Get ready to see future car with "chameleon paint" which would change its colour according to the owner's mood or clothing on a particular day.
In fact, tomorrow's car could also have windscreens made from plastic instead of glass in an effort to reduce weight and save fuel, while buttons could be replaced by jelly-like plastics to improve the user experience inside the car.
AdvertisementThe shift towards alternative materials for cars indicates how the industry is pushing boundaries to try new materials in an effort to reduce weight and, therefore, fuel use.
"Glass is so heavy. But the big problem with polycarbonates has always been in scratching," the Sydney Morning Herald quoted Mazda's European design manager Peter Birtwhistle as saying.
However, he said that advancements in design and technology generally are pushing carmakers to consider alternative materials in the quest for lighter weight.
Lightweight, flexible and multi-function materials are the next step in futuristic car design, according to the senior Mazda designers.
Speaking at a recent design workshop in fashionable Milan, Italy, the designers highlighted the new materials being explored to reduce the weight of vehicles and make them more appealing to look at and touch.
When asked what he thought one of the biggest advances in car design would be over the next few years he said: "Developments in materials and the structure of materials where you can combine several components into one."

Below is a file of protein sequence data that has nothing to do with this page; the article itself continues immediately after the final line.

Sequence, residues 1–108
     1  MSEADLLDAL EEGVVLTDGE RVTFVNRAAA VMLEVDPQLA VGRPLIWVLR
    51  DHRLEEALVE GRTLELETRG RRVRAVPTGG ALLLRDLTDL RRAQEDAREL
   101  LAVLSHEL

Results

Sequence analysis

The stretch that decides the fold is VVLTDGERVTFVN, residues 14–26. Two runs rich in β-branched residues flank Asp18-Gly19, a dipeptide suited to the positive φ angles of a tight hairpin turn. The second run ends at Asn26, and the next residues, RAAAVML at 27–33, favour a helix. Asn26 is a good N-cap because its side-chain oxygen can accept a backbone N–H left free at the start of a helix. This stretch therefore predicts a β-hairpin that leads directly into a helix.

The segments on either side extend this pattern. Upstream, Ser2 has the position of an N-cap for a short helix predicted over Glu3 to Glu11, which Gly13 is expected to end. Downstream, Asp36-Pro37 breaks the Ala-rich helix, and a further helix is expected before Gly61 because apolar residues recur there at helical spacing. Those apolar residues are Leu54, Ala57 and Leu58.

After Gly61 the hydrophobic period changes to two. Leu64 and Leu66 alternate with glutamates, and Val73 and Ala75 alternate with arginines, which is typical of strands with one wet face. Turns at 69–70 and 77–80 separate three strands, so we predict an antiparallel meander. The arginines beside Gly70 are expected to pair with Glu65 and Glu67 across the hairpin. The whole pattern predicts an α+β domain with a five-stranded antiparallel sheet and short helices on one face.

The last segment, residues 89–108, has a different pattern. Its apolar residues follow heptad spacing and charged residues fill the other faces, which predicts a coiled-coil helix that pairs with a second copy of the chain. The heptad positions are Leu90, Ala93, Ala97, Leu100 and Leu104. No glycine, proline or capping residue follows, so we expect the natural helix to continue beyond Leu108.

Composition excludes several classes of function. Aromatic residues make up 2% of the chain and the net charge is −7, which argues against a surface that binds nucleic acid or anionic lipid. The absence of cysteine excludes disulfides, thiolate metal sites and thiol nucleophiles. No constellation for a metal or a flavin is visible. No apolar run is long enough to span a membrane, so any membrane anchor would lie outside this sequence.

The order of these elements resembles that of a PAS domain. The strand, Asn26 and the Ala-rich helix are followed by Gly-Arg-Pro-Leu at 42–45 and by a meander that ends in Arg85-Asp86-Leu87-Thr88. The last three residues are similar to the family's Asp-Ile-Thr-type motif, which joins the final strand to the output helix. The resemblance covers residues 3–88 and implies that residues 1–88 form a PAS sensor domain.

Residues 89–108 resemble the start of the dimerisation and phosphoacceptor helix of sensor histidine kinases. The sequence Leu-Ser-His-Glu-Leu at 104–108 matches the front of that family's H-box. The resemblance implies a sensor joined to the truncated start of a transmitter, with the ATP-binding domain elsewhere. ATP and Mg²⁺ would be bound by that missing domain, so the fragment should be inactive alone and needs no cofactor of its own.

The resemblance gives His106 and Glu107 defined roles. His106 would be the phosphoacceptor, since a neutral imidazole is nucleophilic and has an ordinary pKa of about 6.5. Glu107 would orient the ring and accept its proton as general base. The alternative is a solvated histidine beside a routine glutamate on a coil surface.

"Being more focused about how you build and structure the car will be crucial. If you have a door that has structure in it that's still good to look at, then you save money and weight," he added.
Birtwhistle also said there was a move towards bioplastics, which were made from plant products rather than oil.
"In the future many more customers ... want to be more aware of how much energy a product uses," he said.
He even suggested that onboard solar panels could also emerge as a popular technology.
Customisable cars is also something being looked at as electronics increasingly shape cars of the future.
Changeable colours are also something that could allow easy customising, in much the same way as a mobile phone cover can change the look of the phone.
"We imagine you could change the colour of your car depending on what you're wearing or what mood you're in. You could even scan the pattern of your shirt," said Birtwhistle.
In fact, lighter colours could help save on cooling in the cabin, thereby reducing energy consumption.
"Why not change the colour of the exterior paint so it goes white when it's hot [and sunny]?" he said.
Mazda is also looking at flexible seat material, which would allow cars to quickly convert storage space to seats, or vice versa.